The killing of Sheik Yassin
Amy Wilentz, a former Jerusalem correspondent for the New Yorker, is the author of the novel “Martyrs’ Crossing” (Ballantine, 2002).
23 March 2004
Los Angeles Times
Copyright 2004 The Los Angeles Times
By Amy Wilentz
In 1997, the spiritual leader of Hamas, Sheik Ahmed Yassin, was released from an Israeli prison where he’d served eight years of a life sentence. Upon his return to Gaza, he was taken from a helicopter to the Khan Yunis refugee camp, where I stood among thousands of his ecstatic supporters. It was a wild, electric scene. The sheik’s followers chanted and shouted in transports of joy as he was carried in his wheelchair onto a makeshift stage decorated with bloody images of Palestinian attacks on Israel.
I went to visit the sheik several weeks later in his plain, one-story house down a dusty dirt road in Gaza. He sat in his wheelchair at the end of a large room, his head covered with an undecorated white cloth, loosely draped. On his feet he wore brown leather slippers just like the one that was left behind Monday when three Israeli missiles found their target, killing him and seven other people.
He was a disturbing figure that day in 1997. He spoke in a high-pitched voice that almost had a giggle in it as he castigated Israel and swore he had no knowledge of Hamas’ “military” planning. He was a spiritual leader, he said, but of course he considered violence justified to liberate his occupied country. He cocked his head to listen to our questions in English, and his eyes radiated intelligence as he responded in Arabic through his interpreter.
The circumstances of the sheik’s prison release were intertwined, as was everything in his life, with the roller-coaster relations between the Palestinians and the Israelis. What, after all, would prompt an Israeli government to free a man who had been sentenced to life for ordering killings of Israeli soldiers and Palestinians suspected of collaborating with Israeli intelligence?
A Keystone Kops scenario, as it might have been imagined by John le Carre, was what forced the Israelis’ hand. On Sept. 25, 1997, in Amman, the capital of Jordan, Hamas leader Khaled Meshaal got out of his car and was attacked by two men, one of whom pushed a hypodermic needle behind Meshaal’s ear and shot something into him that landed Meshaal in the emergency room, struggling for his life. Meshaal’s bodyguard, uninjured, captured the attackers, and the following day the Jordanians revealed that the men were Mossad agents. In order to secure the agents’ release, the government of Israeli Prime Minister Benjamin Netanyahu was pushed by a furious King Hussein of Jordan to free Yassin, along with more than 60 other Palestinian prisoners. In the end, Meshaal survived.
In fact, the Israelis had been searching for a face-saving way to release Yassin for some time. With Yassin in custody, they found themselves responsible for a severely handicapped 61-year-old man in poor health whose condition was deteriorating — a man whose esteem and renown among his people only increased with each day he spent in Israeli prison. The Israeli government was worried that the sheik, grown legendary in its custody, would die at any moment. Yassin was without question the second most revered and popular leader of the Palestinians, after Yasser Arafat. Above all, Israel did not want to turn him into a martyr. But now it has, and in a much more clear-cut fashion than if the sheik had died of natural causes behind Israeli bars. Of course, Yassin was not a good man; he gave psychological succor to people bent on murder. Hamas has carried out inhuman, vicious terrorist acts for years, all with Yassin’s blessing.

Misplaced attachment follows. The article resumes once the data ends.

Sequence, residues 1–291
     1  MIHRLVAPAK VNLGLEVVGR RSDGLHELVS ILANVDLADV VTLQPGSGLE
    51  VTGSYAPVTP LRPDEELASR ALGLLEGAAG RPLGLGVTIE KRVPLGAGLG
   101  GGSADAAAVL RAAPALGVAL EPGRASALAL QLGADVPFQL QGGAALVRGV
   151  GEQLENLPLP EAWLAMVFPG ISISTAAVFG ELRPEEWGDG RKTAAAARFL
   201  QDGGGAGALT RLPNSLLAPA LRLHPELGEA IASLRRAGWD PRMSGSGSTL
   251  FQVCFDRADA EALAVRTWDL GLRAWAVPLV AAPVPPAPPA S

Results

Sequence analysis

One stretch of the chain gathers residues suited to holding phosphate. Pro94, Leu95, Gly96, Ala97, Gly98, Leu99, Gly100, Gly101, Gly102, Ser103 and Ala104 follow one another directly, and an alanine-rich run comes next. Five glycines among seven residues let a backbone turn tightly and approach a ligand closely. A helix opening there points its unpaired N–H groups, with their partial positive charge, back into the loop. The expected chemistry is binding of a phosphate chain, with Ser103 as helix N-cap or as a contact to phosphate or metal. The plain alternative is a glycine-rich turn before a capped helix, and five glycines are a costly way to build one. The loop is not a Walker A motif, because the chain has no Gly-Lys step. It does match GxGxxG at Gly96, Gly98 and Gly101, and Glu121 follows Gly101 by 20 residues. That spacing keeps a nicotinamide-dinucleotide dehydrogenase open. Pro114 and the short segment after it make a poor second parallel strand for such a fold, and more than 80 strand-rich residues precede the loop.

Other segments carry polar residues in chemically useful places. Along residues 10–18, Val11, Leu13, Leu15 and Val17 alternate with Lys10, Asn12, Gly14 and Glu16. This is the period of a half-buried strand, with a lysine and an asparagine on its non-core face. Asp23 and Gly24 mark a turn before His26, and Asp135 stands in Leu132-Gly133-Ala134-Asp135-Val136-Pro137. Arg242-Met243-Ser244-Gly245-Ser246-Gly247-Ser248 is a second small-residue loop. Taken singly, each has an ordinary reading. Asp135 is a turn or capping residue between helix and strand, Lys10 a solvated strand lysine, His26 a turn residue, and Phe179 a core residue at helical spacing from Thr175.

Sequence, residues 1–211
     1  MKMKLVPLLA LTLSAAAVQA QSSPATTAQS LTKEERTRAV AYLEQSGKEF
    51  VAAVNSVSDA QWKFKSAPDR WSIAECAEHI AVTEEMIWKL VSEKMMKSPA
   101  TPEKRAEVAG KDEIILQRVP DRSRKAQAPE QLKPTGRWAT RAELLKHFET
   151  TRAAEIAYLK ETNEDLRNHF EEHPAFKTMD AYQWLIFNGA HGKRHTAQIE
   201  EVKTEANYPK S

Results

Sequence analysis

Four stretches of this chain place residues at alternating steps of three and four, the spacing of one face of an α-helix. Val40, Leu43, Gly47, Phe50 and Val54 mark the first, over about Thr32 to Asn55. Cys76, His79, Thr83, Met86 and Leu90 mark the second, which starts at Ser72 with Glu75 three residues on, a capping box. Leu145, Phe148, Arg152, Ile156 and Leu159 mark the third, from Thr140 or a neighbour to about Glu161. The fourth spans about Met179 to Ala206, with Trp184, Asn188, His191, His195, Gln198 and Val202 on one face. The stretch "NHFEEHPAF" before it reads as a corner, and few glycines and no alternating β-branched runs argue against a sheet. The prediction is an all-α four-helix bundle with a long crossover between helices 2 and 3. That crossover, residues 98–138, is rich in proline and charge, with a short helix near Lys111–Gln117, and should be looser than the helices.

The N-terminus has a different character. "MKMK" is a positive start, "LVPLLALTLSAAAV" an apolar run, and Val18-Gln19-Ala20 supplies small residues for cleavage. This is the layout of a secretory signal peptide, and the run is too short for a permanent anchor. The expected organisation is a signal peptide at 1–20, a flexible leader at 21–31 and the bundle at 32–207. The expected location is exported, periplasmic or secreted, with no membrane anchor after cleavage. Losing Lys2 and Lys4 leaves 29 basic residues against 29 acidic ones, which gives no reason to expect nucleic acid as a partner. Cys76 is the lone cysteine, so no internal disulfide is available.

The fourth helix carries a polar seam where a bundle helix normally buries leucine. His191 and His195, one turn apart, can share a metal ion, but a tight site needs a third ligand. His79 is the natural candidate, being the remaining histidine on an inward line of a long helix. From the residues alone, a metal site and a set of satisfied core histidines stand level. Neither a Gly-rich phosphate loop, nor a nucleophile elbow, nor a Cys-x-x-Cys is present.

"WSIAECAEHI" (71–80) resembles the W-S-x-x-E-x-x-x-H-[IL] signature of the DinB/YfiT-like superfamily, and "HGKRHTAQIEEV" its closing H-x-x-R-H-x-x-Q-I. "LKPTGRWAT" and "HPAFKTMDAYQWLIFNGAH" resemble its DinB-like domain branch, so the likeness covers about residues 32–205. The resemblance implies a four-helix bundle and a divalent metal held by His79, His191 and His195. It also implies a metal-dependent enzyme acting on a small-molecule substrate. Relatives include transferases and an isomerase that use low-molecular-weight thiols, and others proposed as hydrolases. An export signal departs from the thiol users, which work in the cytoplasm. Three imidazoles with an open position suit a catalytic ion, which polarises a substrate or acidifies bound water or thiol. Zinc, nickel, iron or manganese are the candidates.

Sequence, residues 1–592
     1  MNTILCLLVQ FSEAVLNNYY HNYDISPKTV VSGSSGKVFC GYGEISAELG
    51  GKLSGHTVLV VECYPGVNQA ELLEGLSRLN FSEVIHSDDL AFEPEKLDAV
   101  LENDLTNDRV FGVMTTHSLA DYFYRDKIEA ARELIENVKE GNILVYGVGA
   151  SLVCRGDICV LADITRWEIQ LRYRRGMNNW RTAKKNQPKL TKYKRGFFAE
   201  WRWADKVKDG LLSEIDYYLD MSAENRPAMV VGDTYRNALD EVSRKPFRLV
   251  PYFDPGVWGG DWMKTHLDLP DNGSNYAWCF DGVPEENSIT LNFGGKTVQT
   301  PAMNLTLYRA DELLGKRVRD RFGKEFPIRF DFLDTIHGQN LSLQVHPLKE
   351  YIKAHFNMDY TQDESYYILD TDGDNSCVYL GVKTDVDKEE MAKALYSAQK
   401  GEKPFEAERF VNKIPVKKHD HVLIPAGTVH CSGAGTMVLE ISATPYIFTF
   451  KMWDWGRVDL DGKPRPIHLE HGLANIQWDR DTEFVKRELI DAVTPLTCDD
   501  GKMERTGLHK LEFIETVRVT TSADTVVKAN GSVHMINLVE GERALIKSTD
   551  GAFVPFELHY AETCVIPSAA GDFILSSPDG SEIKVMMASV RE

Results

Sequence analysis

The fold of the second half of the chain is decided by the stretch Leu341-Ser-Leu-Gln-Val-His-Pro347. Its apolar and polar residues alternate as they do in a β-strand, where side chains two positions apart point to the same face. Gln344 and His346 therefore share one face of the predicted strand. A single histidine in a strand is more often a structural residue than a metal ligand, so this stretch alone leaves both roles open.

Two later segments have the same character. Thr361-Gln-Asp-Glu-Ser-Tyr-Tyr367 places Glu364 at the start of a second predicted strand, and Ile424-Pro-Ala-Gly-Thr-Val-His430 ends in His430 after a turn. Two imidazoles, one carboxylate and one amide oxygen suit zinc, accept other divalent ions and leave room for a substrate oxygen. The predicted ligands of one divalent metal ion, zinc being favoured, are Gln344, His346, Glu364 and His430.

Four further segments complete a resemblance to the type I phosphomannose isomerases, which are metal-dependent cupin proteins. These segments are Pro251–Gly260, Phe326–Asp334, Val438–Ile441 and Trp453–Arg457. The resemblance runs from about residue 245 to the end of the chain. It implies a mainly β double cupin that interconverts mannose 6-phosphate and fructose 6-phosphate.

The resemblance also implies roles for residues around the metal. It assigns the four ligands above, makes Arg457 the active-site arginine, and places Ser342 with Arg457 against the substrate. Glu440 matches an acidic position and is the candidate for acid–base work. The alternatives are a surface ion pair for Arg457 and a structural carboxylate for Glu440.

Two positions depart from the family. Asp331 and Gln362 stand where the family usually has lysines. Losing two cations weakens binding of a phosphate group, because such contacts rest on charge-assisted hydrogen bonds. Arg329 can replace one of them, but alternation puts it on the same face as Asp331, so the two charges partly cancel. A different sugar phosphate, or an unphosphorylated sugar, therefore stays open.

Still, his killing represents an irreversible shredding of the remaining possibilities for peace. It comes at a blank and dangerous moment, when the prospect for communication between the two sides is especially unlikely. Even as Israeli Prime Minister Ariel Sharon broadcast his intention to pull Israel out of Gaza, he must have been planning this attack; even as he ate a seaside lunch with Hussein’s son, King Abdullah, a few days ago, the method and timing of this attack must have been fixed.
One wonders what Sharon — who consciously, amid all the violence, has taken care not to harm Arafat — can have imagined as he ordered his troops to commit such an irrevocable act, an act whose repercussions, while unpredictable, will certainly be extreme and multiple. Surely throwing a political sop to his domestic right wing cannot be worth the damage he has just done to his country.
The killing of Yassin was a nose-thumbing, chest-thumping move, proof of how gonzo the Israelis are willing to be in seeking revenge for the Palestinian suicide bombings that continue in spite of the wall Israel is building to stop them. The problem with revenge is that it is seldom measured. Israel has been pursuing Yassin and other Hamas leaders with a single-mindedness that is more about “can do” than “should do.” Such assassinations are questionable not only diplomatically and legally but also strategically.
What does this assassination achieve for Israel and the Israelis? If other assassinations of Hamas leaders are any indication, the immediate result of Yassin’s killing will be a rash of suicide bombings aimed at Israeli civilians. His killing will harden Palestinian attitudes and further undermine the Palestinian political center, what little is left of it. Perhaps Sharon’s intention, after all, is to show the Palestinians who is really suicidal.